How Colour Is Interpreted Differently Around the World

Kelsey Clark

Alyssa Rosenheck for DominoDESIGN: Elsie Larson

Colour is a truly powerful thing—in can inspire creativity, induce anger, or even influence your chances of landing a job. Those studying to become an artist or interior designer will even take an entire course dedicated to colour psychology, deciphering the unique ways in which each shade influences mood and connotes meaning.

While it may be second nature for Americans to see red and think anger, blue and think serenity, or yellow and think happiness, colours actually hold different meanings around the world. Simply put, colour is not a universally understood concept, like how waving hello means the same thing all over the world, for example. London-based SEO and content marketing agency Kaizen Search recently looked into the various cultural implications of colour all over the world, creating an intriguing infographic on the subject. Here are a few interesting takeaways:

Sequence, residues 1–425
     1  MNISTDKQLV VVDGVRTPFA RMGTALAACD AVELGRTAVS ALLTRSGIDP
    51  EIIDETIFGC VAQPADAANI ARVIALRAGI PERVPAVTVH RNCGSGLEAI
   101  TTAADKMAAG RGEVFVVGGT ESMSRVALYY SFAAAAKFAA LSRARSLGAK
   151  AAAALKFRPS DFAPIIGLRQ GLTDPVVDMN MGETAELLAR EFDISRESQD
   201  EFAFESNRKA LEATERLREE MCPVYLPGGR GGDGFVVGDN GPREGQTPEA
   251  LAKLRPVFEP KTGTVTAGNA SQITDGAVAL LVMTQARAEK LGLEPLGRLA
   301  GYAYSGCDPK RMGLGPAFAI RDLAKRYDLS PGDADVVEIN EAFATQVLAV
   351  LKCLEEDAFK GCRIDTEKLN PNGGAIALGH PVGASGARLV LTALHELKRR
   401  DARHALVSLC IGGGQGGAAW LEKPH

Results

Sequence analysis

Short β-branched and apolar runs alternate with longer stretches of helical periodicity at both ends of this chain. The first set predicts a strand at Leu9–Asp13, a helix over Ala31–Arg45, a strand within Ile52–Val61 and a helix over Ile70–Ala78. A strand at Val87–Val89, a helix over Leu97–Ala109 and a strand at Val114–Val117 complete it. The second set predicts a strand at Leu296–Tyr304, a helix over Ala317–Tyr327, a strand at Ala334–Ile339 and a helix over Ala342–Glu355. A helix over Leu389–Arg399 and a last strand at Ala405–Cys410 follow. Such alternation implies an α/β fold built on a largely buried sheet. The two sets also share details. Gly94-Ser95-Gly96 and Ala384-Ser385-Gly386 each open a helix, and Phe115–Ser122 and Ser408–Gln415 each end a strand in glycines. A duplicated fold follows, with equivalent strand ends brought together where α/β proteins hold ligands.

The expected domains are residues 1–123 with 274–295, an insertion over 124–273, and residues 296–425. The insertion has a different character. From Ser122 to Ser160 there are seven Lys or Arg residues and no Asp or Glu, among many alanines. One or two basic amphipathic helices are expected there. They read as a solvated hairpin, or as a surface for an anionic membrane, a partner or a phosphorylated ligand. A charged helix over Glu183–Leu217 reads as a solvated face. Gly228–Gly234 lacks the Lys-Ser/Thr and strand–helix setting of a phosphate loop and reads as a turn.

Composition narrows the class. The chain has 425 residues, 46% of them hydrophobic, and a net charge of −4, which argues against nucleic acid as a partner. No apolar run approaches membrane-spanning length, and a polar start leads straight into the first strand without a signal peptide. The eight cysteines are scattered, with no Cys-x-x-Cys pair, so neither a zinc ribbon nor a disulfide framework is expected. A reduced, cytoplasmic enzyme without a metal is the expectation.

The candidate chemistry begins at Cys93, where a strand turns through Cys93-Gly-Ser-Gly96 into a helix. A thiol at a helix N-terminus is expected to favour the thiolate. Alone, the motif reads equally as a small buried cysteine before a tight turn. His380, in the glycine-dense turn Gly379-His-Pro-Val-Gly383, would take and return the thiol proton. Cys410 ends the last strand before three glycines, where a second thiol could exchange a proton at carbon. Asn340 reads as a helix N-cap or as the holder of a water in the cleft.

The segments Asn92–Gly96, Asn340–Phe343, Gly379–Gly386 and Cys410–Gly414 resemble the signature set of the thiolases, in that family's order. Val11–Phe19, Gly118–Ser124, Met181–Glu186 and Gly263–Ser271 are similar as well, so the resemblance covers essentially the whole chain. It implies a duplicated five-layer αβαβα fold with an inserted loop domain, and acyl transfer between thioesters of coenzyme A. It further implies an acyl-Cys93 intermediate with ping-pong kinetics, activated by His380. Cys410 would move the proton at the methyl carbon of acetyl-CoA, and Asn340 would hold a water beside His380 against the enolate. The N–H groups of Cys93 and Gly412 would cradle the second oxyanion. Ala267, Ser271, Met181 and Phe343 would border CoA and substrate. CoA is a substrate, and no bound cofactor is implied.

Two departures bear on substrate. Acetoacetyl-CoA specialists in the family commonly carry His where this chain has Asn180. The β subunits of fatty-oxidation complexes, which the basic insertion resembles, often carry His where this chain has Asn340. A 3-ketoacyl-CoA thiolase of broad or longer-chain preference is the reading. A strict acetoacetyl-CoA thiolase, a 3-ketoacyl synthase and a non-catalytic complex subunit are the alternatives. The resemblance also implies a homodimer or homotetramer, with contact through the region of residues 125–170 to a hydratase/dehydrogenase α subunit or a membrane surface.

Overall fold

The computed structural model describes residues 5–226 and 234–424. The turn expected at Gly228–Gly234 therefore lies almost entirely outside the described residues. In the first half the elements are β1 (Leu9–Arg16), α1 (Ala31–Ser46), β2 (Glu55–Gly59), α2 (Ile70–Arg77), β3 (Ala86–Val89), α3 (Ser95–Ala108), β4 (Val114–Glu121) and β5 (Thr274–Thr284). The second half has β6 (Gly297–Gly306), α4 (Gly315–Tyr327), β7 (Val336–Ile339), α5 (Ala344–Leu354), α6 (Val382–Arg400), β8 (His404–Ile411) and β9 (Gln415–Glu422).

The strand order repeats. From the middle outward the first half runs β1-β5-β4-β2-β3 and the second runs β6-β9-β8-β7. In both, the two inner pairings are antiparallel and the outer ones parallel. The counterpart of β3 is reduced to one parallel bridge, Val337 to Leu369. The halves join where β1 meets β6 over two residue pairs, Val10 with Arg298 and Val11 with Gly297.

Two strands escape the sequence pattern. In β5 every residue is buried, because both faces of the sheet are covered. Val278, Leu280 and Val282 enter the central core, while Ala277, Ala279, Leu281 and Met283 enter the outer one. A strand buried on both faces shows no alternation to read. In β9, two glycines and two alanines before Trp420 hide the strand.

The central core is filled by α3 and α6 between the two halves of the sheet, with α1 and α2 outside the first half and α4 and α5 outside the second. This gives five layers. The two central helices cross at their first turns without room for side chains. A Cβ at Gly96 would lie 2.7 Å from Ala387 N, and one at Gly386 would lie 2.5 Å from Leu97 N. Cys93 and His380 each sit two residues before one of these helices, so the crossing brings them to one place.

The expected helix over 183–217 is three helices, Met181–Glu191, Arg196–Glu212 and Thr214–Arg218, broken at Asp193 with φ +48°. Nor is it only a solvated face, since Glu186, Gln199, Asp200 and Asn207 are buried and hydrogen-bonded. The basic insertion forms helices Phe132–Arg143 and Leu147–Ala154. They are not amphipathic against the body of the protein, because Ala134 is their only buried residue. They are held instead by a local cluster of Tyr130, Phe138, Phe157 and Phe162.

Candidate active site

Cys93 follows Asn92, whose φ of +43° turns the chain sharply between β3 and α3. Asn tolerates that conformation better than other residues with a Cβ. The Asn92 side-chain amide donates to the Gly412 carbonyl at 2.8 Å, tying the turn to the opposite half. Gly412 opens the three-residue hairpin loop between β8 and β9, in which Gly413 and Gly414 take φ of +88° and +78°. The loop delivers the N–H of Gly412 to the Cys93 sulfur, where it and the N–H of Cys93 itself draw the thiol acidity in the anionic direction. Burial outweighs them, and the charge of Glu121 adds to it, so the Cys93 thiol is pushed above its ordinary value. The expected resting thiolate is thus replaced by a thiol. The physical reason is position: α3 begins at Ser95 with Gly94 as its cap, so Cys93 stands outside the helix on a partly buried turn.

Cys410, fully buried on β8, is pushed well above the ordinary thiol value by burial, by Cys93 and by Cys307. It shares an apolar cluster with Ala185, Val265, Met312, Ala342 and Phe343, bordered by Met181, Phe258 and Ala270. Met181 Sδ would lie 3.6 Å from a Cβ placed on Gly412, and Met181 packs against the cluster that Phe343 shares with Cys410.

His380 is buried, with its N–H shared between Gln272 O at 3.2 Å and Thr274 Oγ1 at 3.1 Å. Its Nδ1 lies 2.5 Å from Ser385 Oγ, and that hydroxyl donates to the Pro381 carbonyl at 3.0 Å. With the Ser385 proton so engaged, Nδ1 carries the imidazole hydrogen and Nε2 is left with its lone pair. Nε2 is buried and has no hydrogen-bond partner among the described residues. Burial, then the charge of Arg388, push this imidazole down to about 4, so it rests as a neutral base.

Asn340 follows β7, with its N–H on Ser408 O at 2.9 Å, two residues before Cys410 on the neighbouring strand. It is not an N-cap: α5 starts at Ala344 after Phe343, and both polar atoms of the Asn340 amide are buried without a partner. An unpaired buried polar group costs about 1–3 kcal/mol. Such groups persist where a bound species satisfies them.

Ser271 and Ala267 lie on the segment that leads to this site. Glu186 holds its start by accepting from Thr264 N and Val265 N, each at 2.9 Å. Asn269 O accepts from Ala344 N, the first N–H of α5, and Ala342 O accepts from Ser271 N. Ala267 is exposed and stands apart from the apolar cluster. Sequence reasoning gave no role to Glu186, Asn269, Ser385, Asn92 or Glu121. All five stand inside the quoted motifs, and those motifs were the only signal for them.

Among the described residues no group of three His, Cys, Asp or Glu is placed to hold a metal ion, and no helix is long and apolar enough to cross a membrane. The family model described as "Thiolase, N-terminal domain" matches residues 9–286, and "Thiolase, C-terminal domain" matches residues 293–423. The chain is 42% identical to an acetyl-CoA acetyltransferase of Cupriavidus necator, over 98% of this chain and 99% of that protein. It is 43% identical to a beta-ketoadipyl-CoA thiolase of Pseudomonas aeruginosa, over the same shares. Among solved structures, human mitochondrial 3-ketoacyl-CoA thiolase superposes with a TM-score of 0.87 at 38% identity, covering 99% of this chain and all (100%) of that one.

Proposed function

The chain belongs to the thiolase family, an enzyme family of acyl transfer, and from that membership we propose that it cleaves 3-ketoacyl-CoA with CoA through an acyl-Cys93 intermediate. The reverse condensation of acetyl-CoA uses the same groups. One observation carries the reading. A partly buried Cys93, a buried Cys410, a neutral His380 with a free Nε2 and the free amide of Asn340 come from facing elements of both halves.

• In Belgium, the colour pink was traditionally associated with baby boys but has in recent years changed allegiance, to baby girls.
  • Yellow is a masculine colour in China, associated with imperial history and loyalty.
  • In Mexico, the colour green represents independence and is the national colour worn by Mexican sports teams. In China, a green hat is the symbol of adultery.
  • Orange represents female sexual fertility in Colombia.
  • In Brazil and Thailand, the colour purple represents mourning and is often worn to funerals.

Check out the infographic for more, and share your unique interpretations of colour in the comments below.

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